Courts play an increasingly important role in identifying the underlying factors that may contribute to a person’s likelihood of re-offending, including support needs connected to disability (1).
Understanding the communication preferences of a person with disability is an important first step to ensuring effective court outcomes and procedural fairness.
This page features key information for judicial officers on communicating with people with disability. It covers:
Many cognitive disabilities are hidden. People with acquired brain injuries, autism spectrum disorder and mild intellectual disabilities can cycle through the criminal justice system with their support needs being overlooked.
The Court Mental Health Advice and Response Service (Forensicare) can provide clarity around mental health concerns that you may have about a self-represented litigant.
Alternatively, a referral to the duty lawyer with a reference to Supporting Justice resources may assist.
Recognising the signs of disability is a way of protecting and upholding the rights of individuals in the criminal justice system. It is also the right of that individual not to accept support or assistance.
It is important to consider the language used to communicate with and about a person with disability.
Judicial officers in Victoria have significant freedom to choose how they conduct matters in their courtrooms.
Some creative ways that a judicial officer can conduct hearings include:
Further reading on Court Craft:
Consider the communications needs of the individual and their right to participate meaningfully in matters that affect them.
Some of these problem-solving court techniques can be used in mainstream courts. This has the potential to replicate the success of problem-solving courts for offenders who are not eligible for such courts.
Tools available to judicial officers in mainstream Victorian courts include the ability to defer sentencing and order judicial monitoring of offenders on Community Corrections Orders.
There are also examples from regional courts where listing practices have been changed to accommodate problem-solving approaches for people with complex support needs.
Problem-solving courts broadly operate on the following principles:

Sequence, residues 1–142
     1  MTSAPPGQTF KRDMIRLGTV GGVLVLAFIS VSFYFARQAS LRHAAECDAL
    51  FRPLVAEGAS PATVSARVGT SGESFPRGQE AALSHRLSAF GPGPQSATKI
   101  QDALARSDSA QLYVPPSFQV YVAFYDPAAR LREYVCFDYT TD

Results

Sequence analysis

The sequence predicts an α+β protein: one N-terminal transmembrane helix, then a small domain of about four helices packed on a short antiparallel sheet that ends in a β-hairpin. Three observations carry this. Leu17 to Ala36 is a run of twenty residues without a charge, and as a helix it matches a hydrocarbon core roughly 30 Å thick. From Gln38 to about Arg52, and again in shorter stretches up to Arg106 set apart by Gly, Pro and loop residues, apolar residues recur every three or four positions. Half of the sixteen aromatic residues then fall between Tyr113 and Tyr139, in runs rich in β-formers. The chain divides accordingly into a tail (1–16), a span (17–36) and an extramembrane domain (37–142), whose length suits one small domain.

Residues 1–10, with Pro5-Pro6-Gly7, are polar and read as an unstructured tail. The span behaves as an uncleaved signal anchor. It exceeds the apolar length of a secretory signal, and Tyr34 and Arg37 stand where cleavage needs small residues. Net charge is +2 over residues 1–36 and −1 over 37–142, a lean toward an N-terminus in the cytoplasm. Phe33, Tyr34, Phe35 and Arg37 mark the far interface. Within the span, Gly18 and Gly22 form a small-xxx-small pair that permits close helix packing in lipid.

In a problem-solving sentencing court, a judicial officer’s role is to implement solution-focused techniques geared towards developing a ‘therapeutic alliance’ with the offender (2).
In mainstream court settings, it is possible to find ways to work with individuals to promote their self-determination by encouraging them to set goals that are connected to their sentence outcomes.
Developing trust and respect with the individual helps to build a therapeutic relationship.
Further reading on techniques for judicial communication and building effective therapeutic relationships:
In mainstream settings, CISP or Youth Justice sentencing deferrals can play a similar role to the service coordination in specialist courts. Additionally, offenders eligible for DHHS Forensic Disability Program can have service plans prepared for the court.
For more information about the NDIS service landscape, refer to the access the NDIS guide for lawyers, judicial officers and court professionals.
The disability service landscape is changing with the roll-out of the NDIS.
Judicial officers can play an important role in promoting the support opportunities offered by the Scheme. The NDIS can provide assistance with:
In addition to promoting the opportunities of the NDIS, judicial officers play a central role in identifying those individuals who the NDIS is failing, and holding service providers to account.
For more information on the types of supports that may be available to people with disability see:
Michael King, Solution-Focused Judging Bench Book (2009)
Pauline Spencer, 'To Dream the Impossible Dream? Therapeutic Jurisprudence in Mainstream Courts';
The Advocate's Gateway - resources for legal practitioners and judicial officers on questioning vulnerable witnesses
1: Stuart Ross and Jedda Graham, ‘Screening offenders for health and mental health problems at court’ (2012) 19(1) Psychiatry, Psychology and Law 75, 85
2: Michael King, Solution-Focused Judging Bench Book (2009), 214.
Supporting Justice © Centre for Innovative Justice, RMIT University, 2019
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